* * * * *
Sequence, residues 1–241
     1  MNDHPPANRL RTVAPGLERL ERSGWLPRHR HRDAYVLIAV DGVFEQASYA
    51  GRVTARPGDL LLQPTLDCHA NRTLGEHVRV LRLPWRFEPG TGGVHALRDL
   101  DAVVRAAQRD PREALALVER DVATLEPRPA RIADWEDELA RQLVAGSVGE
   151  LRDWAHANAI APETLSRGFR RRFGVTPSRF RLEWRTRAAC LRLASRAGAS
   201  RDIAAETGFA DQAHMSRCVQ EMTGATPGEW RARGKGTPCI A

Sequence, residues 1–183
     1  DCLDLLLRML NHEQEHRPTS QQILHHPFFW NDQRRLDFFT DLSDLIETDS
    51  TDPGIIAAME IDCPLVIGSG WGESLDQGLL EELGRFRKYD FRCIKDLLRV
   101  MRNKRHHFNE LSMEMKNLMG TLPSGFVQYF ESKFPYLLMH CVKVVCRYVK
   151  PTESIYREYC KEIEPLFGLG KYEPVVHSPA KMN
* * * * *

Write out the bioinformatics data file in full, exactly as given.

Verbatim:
Sequence, residues 1–241
     1  MNDHPPANRL RTVAPGLERL ERSGWLPRHR HRDAYVLIAV DGVFEQASYA
    51  GRVTARPGDL LLQPTLDCHA NRTLGEHVRV LRLPWRFEPG TGGVHALRDL
   101  DAVVRAAQRD PREALALVER DVATLEPRPA RIADWEDELA RQLVAGSVGE
   151  LRDWAHANAI APETLSRGFR RRFGVTPSRF RLEWRTRAAC LRLASRAGAS
   201  RDIAAETGFA DQAHMSRCVQ EMTGATPGEW RARGKGTPCI A

Sequence, residues 1–183
     1  DCLDLLLRML NHEQEHRPTS QQILHHPFFW NDQRRLDFFT DLSDLIETDS
    51  TDPGIIAAME IDCPLVIGSG WGESLDQGLL EELGRFRKYD FRCIKDLLRV
   101  MRNKRHHFNE LSMEMKNLMG TLPSGFVQYF ESKFPYLLMH CVKVVCRYVK
   151  PTESIYREYC KEIEPLFGLG KYEPVVHSPA KMN